As handicappers and racing enthusiasts across America prepare to dive into this week's sensational Belmont Stakes Racing Festival, keep this in mind: Where you bet matters.
It took 25-plus years of horse ownership and a $2.4-million wager for me to fully appreciate the huge difference it makes where a bet is placed. It was a wake-up call for me, and it should be for you. Everyone in horse racing whenever possible should put their money through the windows or self-bet machines at the racetrack.
If you're like I was, you've never really thought about how each dollar gets chopped up. A bet is a bet, you probably think. You get the same payoff if you bet on-track, through simulcasting or online. Even at a casino that is booking the bets, you get track odds, albeit with caps.
But the return to the industry–for the owners whose horses put on the show and for the track that provides the venue–wildly varies depending on where a bet is made. For the long-term viability of the sport, those who work in and/or love horse racing should learn where the money goes and take seriously betting where it maximizes purses.
I was committed to placing at least $2 million on Essential Quality in the Kentucky Derby in order to cover my Gallery Furniture promotion where customers would get their money back if the Derby favorite won. The casinos worked hard to get my action, which they had received for promotions tied to the outcome of the World Series and Super Bowl. It was an eye-opener to learn what it meant in additional dollars to horse owners if I made the largest Kentucky Derby bet in history at the home of the Derby instead of a casino or online.
I lost my $2.4-million total in win bets when Essential Quality finished fourth but sold a boatload of mattresses and had a lot of customers snapping their fingers during the Run for the Roses. But a big winner was Churchill Downs' purse account for horsemen, which accrued $240,000 from my bets alone.
Purses are the lifeblood of American racing–it's what makes our racing unique and is vital to its sustainability. There's a substantial difference in the money that goes to horse owners if a bet is placed onsite at the track or if it's bet through an online platform, simulcasting, a casino or offshore. It also makes a big difference to the track staging the races, with the significant costs entailed in building, maintaining and staffing the facility.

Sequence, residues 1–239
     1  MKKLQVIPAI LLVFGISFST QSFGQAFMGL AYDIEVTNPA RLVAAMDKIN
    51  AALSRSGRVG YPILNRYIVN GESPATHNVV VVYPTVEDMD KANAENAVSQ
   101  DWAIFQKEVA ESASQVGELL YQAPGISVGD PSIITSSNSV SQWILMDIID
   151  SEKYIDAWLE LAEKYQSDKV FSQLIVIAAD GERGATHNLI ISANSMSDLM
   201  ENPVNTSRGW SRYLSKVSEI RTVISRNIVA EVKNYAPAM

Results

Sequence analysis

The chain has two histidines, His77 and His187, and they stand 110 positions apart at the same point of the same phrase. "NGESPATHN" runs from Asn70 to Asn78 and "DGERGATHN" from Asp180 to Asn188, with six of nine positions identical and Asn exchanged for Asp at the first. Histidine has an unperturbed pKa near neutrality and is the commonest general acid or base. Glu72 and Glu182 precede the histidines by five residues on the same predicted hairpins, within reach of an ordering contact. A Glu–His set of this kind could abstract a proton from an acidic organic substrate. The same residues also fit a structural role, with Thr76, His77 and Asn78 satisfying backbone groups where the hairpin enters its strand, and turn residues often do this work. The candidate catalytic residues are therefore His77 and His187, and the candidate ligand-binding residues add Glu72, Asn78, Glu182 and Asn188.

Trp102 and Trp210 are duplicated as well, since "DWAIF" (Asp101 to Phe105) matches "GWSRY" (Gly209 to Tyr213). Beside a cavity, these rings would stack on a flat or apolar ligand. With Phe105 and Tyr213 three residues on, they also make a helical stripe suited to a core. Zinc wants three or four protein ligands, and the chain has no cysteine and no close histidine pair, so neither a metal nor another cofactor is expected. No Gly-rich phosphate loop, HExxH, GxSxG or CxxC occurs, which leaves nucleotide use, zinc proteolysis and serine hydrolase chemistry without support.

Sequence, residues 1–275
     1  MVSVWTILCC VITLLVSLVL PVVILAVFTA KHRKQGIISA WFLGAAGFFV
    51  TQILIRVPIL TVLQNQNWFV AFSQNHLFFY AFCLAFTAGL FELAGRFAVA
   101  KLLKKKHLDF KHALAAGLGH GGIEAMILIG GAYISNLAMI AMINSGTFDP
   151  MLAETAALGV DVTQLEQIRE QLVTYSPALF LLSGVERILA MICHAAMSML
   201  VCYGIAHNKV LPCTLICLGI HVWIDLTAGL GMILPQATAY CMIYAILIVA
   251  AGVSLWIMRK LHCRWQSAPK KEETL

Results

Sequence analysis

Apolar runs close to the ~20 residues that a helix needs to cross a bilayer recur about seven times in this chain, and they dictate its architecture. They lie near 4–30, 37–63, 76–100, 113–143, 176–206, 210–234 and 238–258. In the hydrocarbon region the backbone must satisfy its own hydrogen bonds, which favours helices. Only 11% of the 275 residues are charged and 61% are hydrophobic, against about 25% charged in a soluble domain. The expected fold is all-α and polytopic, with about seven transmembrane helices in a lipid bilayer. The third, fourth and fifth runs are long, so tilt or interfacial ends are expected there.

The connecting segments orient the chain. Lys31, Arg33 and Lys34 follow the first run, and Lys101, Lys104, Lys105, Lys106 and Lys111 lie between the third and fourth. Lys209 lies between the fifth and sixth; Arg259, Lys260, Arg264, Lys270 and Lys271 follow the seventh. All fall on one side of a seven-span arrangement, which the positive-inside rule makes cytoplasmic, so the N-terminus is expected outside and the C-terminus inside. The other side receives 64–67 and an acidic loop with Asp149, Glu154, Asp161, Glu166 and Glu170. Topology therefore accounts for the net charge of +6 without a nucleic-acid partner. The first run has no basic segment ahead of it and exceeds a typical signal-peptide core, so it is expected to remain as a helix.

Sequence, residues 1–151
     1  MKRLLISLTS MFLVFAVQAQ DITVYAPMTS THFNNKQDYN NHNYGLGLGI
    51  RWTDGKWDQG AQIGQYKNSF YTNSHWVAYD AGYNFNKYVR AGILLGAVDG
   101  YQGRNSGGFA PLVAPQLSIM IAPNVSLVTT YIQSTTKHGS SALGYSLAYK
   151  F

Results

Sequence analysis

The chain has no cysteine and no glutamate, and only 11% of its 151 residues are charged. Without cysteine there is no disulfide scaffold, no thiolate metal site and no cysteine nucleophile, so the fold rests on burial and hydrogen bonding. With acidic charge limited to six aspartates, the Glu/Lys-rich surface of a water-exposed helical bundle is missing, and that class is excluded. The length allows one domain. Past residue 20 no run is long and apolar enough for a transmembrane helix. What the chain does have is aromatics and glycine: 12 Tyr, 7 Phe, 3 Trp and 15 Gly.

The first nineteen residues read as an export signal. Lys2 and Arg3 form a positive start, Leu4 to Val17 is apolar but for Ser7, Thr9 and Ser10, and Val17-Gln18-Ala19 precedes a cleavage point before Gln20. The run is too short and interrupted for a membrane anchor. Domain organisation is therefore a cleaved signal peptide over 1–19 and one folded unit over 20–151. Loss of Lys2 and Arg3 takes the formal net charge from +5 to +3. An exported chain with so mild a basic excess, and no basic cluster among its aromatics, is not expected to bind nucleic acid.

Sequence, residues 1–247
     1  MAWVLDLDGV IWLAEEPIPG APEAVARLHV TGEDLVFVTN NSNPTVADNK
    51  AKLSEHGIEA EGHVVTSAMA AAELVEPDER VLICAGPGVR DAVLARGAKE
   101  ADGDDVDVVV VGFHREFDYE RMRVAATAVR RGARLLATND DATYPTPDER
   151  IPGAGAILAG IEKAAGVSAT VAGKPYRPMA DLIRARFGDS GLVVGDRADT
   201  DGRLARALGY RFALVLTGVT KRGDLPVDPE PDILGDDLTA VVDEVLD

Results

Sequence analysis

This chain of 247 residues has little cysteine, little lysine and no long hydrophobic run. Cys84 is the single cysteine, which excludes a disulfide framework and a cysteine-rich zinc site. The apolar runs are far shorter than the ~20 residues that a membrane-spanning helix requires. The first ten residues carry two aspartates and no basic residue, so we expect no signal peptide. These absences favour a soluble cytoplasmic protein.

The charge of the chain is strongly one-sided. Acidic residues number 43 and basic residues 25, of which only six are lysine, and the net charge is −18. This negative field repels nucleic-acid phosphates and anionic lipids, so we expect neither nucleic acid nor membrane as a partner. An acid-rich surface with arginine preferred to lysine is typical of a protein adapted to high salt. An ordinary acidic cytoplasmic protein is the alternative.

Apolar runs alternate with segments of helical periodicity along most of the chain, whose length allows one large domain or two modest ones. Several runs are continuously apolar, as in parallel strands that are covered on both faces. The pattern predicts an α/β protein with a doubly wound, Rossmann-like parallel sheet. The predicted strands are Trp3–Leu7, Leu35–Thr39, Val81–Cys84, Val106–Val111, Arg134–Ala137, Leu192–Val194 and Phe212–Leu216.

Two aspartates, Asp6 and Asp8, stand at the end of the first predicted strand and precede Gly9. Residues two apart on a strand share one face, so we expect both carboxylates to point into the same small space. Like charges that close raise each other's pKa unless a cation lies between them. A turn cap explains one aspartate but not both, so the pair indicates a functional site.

Had I made my wager in Las Vegas, where the casinos do not have a contract with Churchill Downs and therefore could not bet into the parimutuel pools, no money would have flowed back to Kentucky horsemen. If bet anywhere but on track, at best the funding to purses would have been about half. At worst, zero.
If we care about the industry, the last place we should bet is offshore or with casinos that book the bets and don't contribute anything to our mutuel pools or purse account. Offshore sites might offer lucrative rebates–but they can do that because they have no outlay for the cost of putting on the product.
I'm not bashing reputable online betting operations or simulcasting. The pandemic proved how vital ADW operations are to racing, how we were able to stay in business with spectator-less racing while other sports were shut down.
Millennials' and Generation Z's office is their phone, so ADWs are expanding our reach but at the same time should pay an equitable rate to racetracks and horsemen. Kudos to ADWs that have worked with various tracks and horsemen's groups in California, Kentucky and elsewhere to make sure ADW betting on-site returns the same amount to purses as if the bet were placed with a mutuel clerk or self-bet machine.
Of course, if we're asking horseplayers and racing participants to bet at the track where possible, tracks likewise must make their facilities and the experience inviting for fans. Every day, and not just on select days.
Horse racing has a great opportunity to step up our game and attract new fans. The Kentucky Derby and Preakness ratings showed people are interested in horse racing. Heck, my Gallery Furniture promotion shows that the Kentucky Derby and racing resonate with the guy and gal on the street.
We've got to attract younger people. We need to attract the followers of Barstool Sports, Bleacher Report, Action Network. We need to embrace sports-betting content.
There is no easy fix. It takes commitment, effort and ingenuity. But our sport and industry are worth it. Excluding football games, the Kentucky Derby was the third-most watched sporting event since the pandemic hit in March 2020, trailing only the NCAA men's basketball championship game won by Baylor and Gonzaga's semifinal victory over UCLA, according to Sports Media Watch. That's impressive.
The Kentucky Derby, Triple Crown and horse racing are still relevant. But you've got to flame the fire–and also be smart about where we bet. Cumulatively, it makes a huge difference.
Jim McIngvale, also known as Mattress Mack, is an entrepreneur, furniture mogul, philanthropist and horse owner based in Houston. McIngvale campaigned 2015 GI Breeders' Cup Sprint winner and Eclipse Award champion male sprinter Runhappy and has become a major racing sponsor while promoting his horse as a stallion at Claiborne Farm. McIngvale can be reached at (281) 844-1963 or [email protected]